Move over millennials, here comes the IGen! Born between 1995 and 2005 this group of tech savvy natives is the next cohort and are just now entering the workforce. IGen, or Gen Z as they are often referred, have grown up in a world of social media where Youtube, Instagram, and Twitter reign supreme. These kids are a force to be reckoned with and require access to information in ways that are familiar, immediate, and actionable. Our success depends on them because as the IGen goes, so goes the manufacturing industry, the nation, and the world.

Alliance Resource Group, in partnership with Sify Technologies has pulled together experts from manufacturing, academia and automated methodologies to develop a solution that addresses the manufacturing challenge of this next generation and identifies the key components of a successful framework including content management, dissemination methodology, scalability, and integration with current learning management systems. These components constitute a micro-learning strategy that facilitates current and future state requirements.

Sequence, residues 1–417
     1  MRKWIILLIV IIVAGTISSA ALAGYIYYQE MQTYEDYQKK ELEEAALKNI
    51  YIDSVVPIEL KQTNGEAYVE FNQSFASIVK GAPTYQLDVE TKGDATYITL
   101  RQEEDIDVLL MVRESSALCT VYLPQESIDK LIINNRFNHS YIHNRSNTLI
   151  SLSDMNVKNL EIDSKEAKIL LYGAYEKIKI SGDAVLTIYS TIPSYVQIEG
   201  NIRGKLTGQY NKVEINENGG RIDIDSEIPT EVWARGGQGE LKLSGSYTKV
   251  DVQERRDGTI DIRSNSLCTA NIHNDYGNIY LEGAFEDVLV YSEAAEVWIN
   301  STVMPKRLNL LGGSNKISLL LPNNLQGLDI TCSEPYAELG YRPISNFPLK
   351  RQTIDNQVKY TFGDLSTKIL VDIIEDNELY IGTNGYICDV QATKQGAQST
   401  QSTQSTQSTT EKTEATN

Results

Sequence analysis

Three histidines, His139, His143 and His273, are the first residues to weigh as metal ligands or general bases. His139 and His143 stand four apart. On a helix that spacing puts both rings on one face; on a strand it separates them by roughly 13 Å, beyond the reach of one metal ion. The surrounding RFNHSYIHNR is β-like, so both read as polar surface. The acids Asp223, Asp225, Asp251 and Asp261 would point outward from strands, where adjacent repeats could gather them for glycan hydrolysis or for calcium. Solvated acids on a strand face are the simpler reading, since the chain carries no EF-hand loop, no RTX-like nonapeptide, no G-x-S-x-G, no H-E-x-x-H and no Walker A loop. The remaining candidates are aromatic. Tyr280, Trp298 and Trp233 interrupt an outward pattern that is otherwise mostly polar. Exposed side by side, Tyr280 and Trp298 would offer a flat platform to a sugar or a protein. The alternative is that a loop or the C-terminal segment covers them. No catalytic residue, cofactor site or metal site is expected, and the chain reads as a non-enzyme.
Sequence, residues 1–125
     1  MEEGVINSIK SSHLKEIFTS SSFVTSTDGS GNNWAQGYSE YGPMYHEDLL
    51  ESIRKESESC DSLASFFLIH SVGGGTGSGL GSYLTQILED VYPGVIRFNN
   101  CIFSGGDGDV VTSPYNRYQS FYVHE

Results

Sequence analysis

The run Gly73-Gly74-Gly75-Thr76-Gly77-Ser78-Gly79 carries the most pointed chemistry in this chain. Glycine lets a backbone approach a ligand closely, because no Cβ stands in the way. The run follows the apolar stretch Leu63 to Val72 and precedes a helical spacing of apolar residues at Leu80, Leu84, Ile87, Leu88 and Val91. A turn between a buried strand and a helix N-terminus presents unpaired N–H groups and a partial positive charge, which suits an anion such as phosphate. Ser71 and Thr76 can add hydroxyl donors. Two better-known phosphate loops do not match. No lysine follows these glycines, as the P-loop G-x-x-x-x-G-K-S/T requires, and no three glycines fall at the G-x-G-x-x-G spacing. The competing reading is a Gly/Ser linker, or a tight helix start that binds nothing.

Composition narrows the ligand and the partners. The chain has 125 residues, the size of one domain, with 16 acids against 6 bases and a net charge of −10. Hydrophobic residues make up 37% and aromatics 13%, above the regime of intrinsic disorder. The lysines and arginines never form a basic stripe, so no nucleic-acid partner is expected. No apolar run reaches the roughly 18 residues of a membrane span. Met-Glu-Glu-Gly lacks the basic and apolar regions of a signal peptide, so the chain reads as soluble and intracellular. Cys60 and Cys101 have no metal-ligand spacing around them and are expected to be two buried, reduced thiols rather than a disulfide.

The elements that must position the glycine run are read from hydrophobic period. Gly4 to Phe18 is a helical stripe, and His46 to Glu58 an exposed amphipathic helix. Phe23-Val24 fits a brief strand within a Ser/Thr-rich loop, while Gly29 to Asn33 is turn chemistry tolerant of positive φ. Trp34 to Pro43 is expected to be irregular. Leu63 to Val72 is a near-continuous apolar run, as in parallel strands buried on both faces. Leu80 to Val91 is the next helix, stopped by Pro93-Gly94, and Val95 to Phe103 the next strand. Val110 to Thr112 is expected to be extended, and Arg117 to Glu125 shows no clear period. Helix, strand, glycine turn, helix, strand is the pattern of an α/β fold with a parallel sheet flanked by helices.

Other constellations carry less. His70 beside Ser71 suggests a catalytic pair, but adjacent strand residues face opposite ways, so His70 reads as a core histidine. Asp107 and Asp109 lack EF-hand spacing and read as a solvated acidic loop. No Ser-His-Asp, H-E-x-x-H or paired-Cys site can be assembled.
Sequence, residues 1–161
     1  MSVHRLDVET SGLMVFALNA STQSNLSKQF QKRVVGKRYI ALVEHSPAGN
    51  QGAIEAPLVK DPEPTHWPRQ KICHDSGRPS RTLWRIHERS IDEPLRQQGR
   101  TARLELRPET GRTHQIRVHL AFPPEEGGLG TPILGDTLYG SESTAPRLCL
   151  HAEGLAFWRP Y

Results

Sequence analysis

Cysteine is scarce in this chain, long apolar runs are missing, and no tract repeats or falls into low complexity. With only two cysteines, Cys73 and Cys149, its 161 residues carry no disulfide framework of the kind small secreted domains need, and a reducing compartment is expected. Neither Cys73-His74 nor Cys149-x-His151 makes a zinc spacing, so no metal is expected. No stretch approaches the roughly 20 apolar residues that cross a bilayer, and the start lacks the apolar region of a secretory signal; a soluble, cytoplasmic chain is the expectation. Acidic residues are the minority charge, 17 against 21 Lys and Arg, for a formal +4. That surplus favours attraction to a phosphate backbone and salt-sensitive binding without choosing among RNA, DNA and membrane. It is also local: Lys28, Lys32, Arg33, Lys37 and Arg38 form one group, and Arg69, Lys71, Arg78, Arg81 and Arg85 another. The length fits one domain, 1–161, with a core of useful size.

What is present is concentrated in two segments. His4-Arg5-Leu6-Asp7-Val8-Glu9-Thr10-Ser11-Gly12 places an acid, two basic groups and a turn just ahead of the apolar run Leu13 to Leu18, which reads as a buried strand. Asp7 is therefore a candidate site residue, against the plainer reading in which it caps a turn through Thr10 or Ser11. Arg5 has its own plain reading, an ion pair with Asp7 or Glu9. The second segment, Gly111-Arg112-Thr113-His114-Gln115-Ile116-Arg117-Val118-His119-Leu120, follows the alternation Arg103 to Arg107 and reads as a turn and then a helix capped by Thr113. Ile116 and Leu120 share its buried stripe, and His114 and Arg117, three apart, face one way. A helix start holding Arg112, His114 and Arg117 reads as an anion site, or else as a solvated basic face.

Alliance Resource Group (ARG), is a service disabled veteran owned business located in Newport Beach California. With a foundation in resource management, recruiting, and consulting, ARG provides services to small and medium size companies throughout the United States.

View the ARG White Paper here! Better be prepared for total process transformation if you want to remain competitive.

A-Rod In Paradise: Swinging For Redemption Through Baseball And Business